French puddles

Evelyn Hermann

San Anselmo, CA

At first this poem induced a loud guffaw. Then I put it to the side as just being funny. I kept coming back to it though, even when images of poodles of all sizes and colors paraded through my vision in a nightmarish dog show, or fell from the sky (sans cats). What is it about this senryu, besides being goofy, that's so titillating? I'll try to get to the bottom of this. The French are an especially passionate people, in love with their customs, their language, their cuisine, their art, their wines--they hold their own culture very close to the heart. More than once I've heard stories from tourists who were snubbed or ignored (a few for good reason, I'm sure). Now, as to the rain--it falls almost everywhere--it is water in one phase of an endless process. Who knows where it's been, the water that falls in drops onto our roofs: Bangkok? Oagadougou? Paris? Rain belongs to no one, but in France, everything seems so . . . French

TANKA (Judge: Pat Shelley)

It was an honor being asked to judge the HPNC tanka contest and in this role being given the privilege to enter the experience of these poems. Tanka in English is a fascinating and ever-changing poetic form, and there are no firm guidelines for making judgments.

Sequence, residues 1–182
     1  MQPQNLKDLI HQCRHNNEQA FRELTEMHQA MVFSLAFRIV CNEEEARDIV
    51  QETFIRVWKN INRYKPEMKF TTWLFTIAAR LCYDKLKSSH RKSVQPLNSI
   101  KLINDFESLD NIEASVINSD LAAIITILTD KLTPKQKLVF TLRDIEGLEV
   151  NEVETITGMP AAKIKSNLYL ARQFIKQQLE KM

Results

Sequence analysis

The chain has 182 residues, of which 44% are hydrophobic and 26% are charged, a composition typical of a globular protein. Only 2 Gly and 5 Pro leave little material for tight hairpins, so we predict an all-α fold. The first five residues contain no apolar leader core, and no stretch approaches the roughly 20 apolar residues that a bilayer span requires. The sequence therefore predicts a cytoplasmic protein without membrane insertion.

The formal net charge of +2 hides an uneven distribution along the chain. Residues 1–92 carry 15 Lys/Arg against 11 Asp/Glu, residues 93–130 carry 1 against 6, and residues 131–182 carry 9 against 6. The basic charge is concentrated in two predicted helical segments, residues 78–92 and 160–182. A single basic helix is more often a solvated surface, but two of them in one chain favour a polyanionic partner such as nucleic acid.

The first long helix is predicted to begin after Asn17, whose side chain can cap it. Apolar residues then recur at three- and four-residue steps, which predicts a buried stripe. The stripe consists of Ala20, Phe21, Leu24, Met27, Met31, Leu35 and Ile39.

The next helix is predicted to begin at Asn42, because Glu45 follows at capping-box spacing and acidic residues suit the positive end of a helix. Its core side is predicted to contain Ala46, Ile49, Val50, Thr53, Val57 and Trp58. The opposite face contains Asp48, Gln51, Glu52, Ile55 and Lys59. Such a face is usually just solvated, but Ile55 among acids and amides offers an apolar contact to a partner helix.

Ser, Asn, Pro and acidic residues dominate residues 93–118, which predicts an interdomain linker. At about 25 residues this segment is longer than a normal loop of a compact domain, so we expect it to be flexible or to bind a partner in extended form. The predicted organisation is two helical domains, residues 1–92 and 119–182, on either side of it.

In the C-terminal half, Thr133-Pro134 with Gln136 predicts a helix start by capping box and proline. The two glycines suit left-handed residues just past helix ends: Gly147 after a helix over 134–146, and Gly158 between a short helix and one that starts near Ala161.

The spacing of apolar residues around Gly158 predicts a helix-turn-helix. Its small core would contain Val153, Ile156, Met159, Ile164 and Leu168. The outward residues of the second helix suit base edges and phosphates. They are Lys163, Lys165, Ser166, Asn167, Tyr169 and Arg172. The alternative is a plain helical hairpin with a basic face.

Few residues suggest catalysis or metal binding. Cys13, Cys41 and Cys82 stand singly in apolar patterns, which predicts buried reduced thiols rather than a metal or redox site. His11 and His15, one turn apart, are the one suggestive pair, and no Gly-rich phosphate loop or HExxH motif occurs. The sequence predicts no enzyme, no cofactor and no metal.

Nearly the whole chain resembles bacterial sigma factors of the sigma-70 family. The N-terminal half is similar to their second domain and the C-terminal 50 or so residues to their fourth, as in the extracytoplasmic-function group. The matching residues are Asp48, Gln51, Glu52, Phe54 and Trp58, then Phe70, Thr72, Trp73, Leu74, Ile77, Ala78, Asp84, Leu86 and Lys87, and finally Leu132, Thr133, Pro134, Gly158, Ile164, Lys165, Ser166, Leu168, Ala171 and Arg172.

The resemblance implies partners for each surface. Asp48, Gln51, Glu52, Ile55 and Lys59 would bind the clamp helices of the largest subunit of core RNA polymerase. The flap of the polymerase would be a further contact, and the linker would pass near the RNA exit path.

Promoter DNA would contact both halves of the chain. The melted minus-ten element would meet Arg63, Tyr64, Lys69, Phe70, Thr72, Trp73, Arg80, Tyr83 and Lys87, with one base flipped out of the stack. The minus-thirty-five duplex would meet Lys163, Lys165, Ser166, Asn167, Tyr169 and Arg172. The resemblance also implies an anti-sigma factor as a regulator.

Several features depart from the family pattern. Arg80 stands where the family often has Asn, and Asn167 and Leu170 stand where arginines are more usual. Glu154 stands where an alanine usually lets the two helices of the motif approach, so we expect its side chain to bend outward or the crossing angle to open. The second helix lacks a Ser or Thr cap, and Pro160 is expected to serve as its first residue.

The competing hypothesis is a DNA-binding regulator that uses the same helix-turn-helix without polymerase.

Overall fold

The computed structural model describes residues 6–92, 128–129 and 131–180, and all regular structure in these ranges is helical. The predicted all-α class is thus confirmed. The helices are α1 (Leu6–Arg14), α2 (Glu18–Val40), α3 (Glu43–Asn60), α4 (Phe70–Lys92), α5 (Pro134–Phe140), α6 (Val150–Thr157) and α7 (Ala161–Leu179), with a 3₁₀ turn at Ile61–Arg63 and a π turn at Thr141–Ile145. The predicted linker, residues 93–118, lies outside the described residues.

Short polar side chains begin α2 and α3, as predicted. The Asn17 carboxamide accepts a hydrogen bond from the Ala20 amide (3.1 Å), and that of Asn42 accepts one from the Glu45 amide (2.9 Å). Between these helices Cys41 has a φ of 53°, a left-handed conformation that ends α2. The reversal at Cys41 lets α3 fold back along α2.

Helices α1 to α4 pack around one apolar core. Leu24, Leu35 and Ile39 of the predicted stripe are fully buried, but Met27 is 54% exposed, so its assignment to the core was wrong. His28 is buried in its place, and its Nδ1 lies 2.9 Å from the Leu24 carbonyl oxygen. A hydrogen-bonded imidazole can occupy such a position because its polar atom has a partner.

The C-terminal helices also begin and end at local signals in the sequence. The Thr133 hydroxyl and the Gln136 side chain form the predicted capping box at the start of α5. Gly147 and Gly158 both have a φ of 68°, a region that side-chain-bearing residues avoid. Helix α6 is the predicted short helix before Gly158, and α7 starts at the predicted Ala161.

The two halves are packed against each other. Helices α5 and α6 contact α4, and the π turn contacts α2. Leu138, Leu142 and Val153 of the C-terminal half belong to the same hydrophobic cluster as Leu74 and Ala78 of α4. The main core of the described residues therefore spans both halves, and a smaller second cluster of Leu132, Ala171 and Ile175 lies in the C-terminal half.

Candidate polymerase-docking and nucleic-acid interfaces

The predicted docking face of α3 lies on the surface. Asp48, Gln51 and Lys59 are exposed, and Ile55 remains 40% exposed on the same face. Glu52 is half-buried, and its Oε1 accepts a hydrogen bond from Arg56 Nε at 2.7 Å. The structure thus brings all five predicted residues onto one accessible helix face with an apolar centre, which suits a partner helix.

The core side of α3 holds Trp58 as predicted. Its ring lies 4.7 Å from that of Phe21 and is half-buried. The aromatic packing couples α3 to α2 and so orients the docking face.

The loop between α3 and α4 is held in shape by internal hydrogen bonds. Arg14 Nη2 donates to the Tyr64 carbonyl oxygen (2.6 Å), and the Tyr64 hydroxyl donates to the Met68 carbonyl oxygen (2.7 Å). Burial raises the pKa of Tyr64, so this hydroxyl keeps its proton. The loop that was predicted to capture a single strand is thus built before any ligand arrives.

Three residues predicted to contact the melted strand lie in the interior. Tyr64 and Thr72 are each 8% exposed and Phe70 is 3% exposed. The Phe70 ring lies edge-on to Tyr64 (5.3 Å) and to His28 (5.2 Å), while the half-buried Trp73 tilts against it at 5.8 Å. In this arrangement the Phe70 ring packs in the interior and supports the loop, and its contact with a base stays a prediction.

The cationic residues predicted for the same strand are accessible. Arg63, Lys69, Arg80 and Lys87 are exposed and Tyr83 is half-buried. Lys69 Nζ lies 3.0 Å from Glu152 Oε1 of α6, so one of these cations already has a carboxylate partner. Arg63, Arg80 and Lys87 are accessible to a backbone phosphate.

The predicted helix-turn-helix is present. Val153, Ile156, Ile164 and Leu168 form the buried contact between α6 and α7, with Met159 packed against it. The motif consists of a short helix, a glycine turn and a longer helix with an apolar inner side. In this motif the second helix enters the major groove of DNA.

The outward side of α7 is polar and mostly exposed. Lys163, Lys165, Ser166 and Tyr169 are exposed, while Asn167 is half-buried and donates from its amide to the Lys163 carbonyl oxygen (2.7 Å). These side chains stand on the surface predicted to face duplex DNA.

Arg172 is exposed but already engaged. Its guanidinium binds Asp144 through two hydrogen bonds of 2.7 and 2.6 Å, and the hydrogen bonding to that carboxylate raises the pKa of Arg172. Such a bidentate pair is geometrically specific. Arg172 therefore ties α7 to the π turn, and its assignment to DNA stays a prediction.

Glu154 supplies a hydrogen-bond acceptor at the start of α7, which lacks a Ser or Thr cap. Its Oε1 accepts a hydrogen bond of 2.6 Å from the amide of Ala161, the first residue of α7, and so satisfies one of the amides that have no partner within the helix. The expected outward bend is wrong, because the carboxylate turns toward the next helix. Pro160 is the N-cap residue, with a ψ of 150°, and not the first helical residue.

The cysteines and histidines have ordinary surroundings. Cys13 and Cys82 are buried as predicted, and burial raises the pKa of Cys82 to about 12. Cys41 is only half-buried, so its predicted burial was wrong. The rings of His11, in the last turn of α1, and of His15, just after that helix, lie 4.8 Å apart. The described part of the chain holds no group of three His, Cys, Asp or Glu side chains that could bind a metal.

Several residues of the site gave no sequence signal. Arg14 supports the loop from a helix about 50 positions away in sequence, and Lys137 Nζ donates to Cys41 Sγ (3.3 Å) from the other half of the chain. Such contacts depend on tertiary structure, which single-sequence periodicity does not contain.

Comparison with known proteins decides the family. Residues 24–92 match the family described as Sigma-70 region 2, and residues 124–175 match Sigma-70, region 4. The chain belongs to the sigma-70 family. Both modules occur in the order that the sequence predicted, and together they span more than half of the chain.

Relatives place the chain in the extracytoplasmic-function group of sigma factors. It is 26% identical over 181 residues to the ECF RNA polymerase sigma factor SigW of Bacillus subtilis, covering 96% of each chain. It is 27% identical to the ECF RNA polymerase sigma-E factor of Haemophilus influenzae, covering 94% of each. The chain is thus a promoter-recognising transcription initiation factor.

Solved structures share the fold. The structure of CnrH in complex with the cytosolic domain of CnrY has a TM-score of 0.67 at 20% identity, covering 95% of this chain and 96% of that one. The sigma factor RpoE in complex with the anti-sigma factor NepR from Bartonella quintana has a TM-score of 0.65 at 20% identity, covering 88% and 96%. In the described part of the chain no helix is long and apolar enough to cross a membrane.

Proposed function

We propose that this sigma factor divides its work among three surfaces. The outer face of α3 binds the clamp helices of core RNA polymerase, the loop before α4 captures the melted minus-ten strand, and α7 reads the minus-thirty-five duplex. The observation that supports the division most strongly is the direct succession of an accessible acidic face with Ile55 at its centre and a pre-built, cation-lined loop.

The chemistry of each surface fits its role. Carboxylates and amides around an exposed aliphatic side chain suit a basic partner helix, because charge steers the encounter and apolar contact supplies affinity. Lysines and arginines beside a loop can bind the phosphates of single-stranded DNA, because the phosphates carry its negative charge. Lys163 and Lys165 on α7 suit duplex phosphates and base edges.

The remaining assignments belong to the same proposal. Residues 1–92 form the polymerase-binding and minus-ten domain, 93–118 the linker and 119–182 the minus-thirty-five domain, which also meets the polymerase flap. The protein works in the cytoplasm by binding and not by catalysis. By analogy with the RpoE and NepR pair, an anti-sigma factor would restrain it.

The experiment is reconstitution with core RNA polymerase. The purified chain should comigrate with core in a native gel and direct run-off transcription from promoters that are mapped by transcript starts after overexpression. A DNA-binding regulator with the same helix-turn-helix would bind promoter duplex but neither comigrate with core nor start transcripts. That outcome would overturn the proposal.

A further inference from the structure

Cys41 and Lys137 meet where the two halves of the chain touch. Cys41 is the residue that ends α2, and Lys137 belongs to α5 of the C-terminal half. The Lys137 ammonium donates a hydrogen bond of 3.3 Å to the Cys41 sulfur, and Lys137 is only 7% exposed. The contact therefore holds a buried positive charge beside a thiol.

Traditionally a poem of love and longing, modern tanka on the other hand embraces all the emotions of human experience. Many of the poems submitted here were on themes of nature, reminding me often of Saigyo, and some were very haiku-like where the poet stands a little outside the poem. But many more were on themes of love, loss, and questions of the heart.

I would not judge tanka in terms of syntax, pronouns, definite or indefinite articles, but rather in terms of its music, the content of the poem, and the poet's voice within it. I believe form is important and that tanka should hold to some pattern of its origin or why call it a tanka? But I would not sacrifice rhythm and the natural voice to achieve this.

Selecting the following winners was challenging and cannot help but be subjective. What I valued was lyric quality, clear evocative imagery and language, and somewhere at the center of the poem that moment of arrest we look for in all good poetry, a sense of yugen, and a little karumi.

First Place ($100)

Today memories slipped out


from cedar-scented shadows.

Now . . . I must forget you


Kay F. Anderson

Redwood City, CA

Honorable Mentions (in order)

Breath will speak lightly, like the sea

going out, like salt winds fading

hear the clear

voice, of the mother singing

through trembling stone lions.

John Stokes

Fadden, Australia

on a warmer day

in a happier winter

I saw this willow

yellowing toward spring, but now

what is there to thaw my heart?

Elizabeth Searle Lamb

Santa Fe, NM


flesh and bones

driving in heavy traffic,

that here I am

doing this

Tom Clausen

Ithaca, NY


to the dove's call

I smile

watching you grin

in your sleep

Helen J. Sherry

San Diego, CA


and seventy

pausing by 

some fresh young shoots

near the willow

George Ralph

Holland, MI